Residential Research - Global Residential Cities Index

RESULTS FOR Q4 2016

  • House prices across 150 cities worldwide increased by 6.6% on average in 2016
  • Chinese cities occupy the index’s top nine rankings for annual house price growth but we expect a marked change next quarter
  • Wellington and Toronto have usurped their neighbours of Auckland and Vancouver respectively at the top of the table
  • Oslo is Europe’s strongestperforming city but Dutch cities have also risen up the rankings
  • No single world region dominates the bottom of the rankings with Moscow, Aberdeen, Seville, Darwin and Jaipur comprising the five weakest markets

CHINESE CITIES REACH THEIR PEAK IN 2016

House prices in China’s key cities rose ever higher in 2016 and made a significant contribution to our index’s overall performance but 2017 is shaping up to look very different.

Chinese cities account for nine of the top ten rankings in our latest assessment of house prices across 150 cities worldwide. Nanjing leads the rankings with average prices ending last year 41.1% higher. Chinese cities would have occupied the entire top ten had New Zealand’s Wellington not nudged Shenzhen out of tenth spot.

We expect next quarter’s results to look significantly different. The index covers the period to the end of 2016 but already in March we have seen a new round of lending curbs and purchase restrictions across China’s main cities which has brought price growth in several cities to an abrupt halt.

Overall the index increased by 6.6% in 2016, its highest rate in three years. However, if we were to omit the Chinese cities the index would have increased by only 4.9% in 2016.

Beyond China, the cities of Auckland (12.4%) and Vancouver (17%) which have for several years been New Zealand and Canada’s stellar performers have now been usurped by their respective rivals, Wellington (23.7%) and Toronto (19.8%). New regulations are only part of the story, Vancouver has seen a new tax on foreign buyers but investors are also keen to spread risk, with some equity-rich Aucklanders now looking for a foothold in the New Zealand capital too.

Oslo (21.7%) is Europe’s strongest performing city but Budapest (19%) is not far behind. In Oslo falling unemployment, record low interest rates and strong purchasing power has boosted demand. The Dutch cities of Amsterdam, Utrecht and Rotterdam represent another centre of growth in Europe, all recording double-digit annual price rises. Here, a lack of supply is the key determinant of accelerating prices.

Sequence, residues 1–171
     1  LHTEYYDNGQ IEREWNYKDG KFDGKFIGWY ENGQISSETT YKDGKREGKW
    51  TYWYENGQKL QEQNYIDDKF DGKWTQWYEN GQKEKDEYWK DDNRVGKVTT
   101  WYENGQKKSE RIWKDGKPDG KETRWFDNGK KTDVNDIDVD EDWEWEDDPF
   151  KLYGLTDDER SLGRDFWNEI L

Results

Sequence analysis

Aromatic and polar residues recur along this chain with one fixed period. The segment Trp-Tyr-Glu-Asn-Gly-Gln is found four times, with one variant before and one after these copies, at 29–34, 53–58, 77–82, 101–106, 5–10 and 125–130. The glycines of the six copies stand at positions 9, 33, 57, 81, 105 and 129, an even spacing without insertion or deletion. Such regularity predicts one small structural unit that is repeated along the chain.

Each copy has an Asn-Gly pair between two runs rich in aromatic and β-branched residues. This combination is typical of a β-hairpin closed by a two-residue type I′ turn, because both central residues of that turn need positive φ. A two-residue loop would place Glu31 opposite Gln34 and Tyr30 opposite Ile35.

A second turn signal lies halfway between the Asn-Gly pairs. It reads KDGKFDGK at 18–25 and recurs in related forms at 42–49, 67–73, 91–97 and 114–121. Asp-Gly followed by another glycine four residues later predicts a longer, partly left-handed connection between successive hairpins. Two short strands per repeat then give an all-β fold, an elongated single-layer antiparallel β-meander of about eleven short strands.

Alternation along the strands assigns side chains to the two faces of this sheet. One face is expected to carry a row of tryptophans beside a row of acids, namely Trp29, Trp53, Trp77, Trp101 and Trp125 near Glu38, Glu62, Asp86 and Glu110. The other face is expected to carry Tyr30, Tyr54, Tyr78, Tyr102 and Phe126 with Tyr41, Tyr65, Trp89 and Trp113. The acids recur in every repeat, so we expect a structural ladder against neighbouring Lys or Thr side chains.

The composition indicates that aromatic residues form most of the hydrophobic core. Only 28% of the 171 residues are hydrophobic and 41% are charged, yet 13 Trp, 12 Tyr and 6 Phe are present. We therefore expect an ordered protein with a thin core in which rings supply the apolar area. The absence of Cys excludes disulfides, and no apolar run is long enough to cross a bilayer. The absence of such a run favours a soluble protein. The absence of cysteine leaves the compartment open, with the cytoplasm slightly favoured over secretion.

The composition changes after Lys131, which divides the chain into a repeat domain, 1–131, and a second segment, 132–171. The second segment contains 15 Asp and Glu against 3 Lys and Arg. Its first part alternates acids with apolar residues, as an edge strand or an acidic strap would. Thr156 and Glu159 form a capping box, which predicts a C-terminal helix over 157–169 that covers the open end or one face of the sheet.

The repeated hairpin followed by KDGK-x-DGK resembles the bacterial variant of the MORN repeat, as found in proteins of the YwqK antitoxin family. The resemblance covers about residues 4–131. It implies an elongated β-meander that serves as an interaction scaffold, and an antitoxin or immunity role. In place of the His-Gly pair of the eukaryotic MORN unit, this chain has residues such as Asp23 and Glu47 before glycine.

Seattle (10.8%) continues to lead the US cities with Denver (8.9%) next in line. The impact of the Federal Reserve’s third rate rise in 10 years (to 1%) will filter into next quarter’s edition but we do not envisage a sudden slowdown in US cities’ price inflation. Furthermore, we may see stronger capital outflows from the US to key European and Asian cities.

In the UK, six of the eight cities tracked by our index recorded positive price growth, but only one, Bristol (10.1%) saw prices reach double figures. Improving economic productivity and a structural undersupply of new housing is supporting price growth in a number of the UK’s regional cities.

The foot of the rankings table remains largely unchanged with Moscow, Aberdeen, Seville, Darwin and Jaipur jostling for position within the bottom five. No single world region dominates, although the Americas are notable by their absence.

Courtesy: Knight Frank

CONTACT DETAILS FOR FURTHER INFORMATION:

RESIDENTIAL RESEARCH

Liam Bailey - Global Head of Research

+44 20 7861 5133

l[email protected]

Kate Everett-Allen - International Residential Research

+44 20 7167 2497

[email protected]

PRESS OFFICE

Astrid Etchells - International PR Manager

+44 20 7861 1182

[email protected]

Important Notice

© Knight Frank LLP 2017 – This report is published for general information only and not to be relied upon in any way. Although high standards have been used in the preparation of the information, analysis, views and projections presented in this report, no responsibility or liability whatsoever can be accepted by Knight Frank LLP for any loss or damage resultant from any use of, reliance on or reference to the contents of this document. As a general report, this material does not necessarily represent the view of Knight Frank LLP in relation to particular properties or projects. Reproduction of this report in whole or in part is not allowed without prior written approval of Knight Frank LLP to the form and content within which it appears. Knight Frank LLP is a limited liability partnership registered in England with registered number OC305934. Our registered office is 55 Baker Street, London, W1U 8AN, where you may look at a list of members’ names.

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